Simone & Lauren, thanks for the reminder about antibiotics. I did end up getting on them my first go-round, but I should've done so a lot sooner, and wish I'd have known to do so once the fever persisted. I'll change the post to reflect that good advice!

Leah S said...

I don't think I've had full blown mastitis before, but I've definitely have gotten the "he's sucking needles out of me!" feeling.

I didn't give it a chance to get worse by applying essential oils. I used lavender and doTERRA's Citrus Bliss blend. Two drops of each, rub it on my breast 2 or 3 times a day; the pain is gone in 12-24 hours.

Ever since the introduction of essential oils in my family's life, we've managed to avoid doctors. I've used the oils to fight ear infections, bronchitis, teething, colds, headaches and other maladies that pop up.

I used the oils when my husband deeply sliced his thumb and after 4 days, I got scared that it was getting worse, so we agreed that he needed to see the doctor. The doctor was super impressed with how clean and well healing the wound was. Yeah, we paid $50 to hear that using God's given pharmacy was working much better than any method the doctor could come up with. :)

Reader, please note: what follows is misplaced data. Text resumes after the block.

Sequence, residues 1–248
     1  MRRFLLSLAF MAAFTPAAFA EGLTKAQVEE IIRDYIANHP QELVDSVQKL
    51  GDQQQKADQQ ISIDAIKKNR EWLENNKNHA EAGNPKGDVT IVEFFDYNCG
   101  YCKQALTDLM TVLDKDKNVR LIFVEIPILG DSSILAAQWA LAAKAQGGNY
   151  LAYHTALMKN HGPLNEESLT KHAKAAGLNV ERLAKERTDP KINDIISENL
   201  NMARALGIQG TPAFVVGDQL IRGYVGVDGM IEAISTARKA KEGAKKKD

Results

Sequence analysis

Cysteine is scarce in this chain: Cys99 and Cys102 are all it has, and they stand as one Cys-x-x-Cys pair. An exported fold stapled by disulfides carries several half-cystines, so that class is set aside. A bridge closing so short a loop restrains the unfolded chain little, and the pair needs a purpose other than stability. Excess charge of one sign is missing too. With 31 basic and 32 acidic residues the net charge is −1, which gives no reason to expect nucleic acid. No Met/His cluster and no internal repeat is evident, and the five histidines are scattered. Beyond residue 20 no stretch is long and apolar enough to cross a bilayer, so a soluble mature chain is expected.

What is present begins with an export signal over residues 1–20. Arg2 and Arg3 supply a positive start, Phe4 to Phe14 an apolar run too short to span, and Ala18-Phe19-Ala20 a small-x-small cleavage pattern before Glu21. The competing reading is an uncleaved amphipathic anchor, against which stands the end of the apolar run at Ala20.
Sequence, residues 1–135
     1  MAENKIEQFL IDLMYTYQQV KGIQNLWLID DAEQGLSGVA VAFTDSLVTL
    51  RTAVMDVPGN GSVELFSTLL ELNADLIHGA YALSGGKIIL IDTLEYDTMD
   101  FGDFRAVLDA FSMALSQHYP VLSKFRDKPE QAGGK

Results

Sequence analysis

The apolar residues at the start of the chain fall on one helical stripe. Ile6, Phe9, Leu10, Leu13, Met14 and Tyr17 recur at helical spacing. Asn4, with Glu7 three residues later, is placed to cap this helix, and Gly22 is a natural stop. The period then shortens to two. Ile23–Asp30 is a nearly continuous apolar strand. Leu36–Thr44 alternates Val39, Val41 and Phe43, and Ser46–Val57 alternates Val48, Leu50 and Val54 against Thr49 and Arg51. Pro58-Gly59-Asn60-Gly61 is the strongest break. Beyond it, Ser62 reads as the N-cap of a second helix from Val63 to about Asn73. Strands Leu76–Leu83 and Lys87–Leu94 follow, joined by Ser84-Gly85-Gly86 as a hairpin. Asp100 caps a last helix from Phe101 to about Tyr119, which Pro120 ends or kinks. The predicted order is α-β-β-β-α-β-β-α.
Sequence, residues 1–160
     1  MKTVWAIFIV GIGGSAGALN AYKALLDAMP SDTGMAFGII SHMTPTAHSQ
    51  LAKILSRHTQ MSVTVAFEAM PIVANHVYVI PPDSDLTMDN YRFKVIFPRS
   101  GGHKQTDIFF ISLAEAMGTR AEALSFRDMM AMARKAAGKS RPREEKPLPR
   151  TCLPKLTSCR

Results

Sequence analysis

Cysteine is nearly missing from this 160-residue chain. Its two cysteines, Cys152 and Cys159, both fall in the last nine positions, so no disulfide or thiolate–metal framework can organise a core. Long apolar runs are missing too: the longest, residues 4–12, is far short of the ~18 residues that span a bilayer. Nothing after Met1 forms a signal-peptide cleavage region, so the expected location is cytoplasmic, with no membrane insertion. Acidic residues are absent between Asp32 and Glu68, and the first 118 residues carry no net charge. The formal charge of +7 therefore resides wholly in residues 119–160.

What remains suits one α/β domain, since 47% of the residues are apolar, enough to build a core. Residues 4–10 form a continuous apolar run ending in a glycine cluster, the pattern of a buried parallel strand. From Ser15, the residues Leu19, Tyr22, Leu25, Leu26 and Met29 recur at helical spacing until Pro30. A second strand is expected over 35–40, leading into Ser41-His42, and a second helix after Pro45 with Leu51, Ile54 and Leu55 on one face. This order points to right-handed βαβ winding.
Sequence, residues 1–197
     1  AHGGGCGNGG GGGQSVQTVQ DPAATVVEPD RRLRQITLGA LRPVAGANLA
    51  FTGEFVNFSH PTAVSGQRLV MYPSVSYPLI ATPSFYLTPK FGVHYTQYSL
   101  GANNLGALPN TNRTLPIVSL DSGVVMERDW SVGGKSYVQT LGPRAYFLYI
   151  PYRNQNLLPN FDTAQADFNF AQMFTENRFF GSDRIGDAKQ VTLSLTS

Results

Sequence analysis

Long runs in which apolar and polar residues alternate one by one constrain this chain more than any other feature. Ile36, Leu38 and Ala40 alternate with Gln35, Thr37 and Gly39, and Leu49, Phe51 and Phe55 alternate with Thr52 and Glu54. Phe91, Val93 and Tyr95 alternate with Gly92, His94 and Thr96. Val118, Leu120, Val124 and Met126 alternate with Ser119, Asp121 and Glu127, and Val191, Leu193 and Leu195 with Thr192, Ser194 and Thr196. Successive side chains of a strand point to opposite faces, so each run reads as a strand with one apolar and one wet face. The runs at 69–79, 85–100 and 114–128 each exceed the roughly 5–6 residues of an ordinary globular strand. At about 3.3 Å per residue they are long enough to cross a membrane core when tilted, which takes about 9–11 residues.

Brad and Kristin said...

I had terrible bouts with mastitis all during the times I nursed my first two children (past their first birthdays). I had mastitis at least one or twice per month, and it was absolutely awful.

When I got pregnant with my third child, I did lots of research into what a person can do to prevent mastitis. I tried all of the things suggested to prevent mastitis, and I firgured out what was the cause of my incredibly frequen mastitis. I was sleeping wrong.

I like to sleep on my side, with my arms by my sides, but the pressure of my arms against my breasts was causing plugged ducts, leading to mastitis. Now I have to be very careful in the way that I sleep, lest there is the least bit of prolongued pressue on my breasts!

I hope that will help someone prevent mastitis...it's a pretty terrible sickness!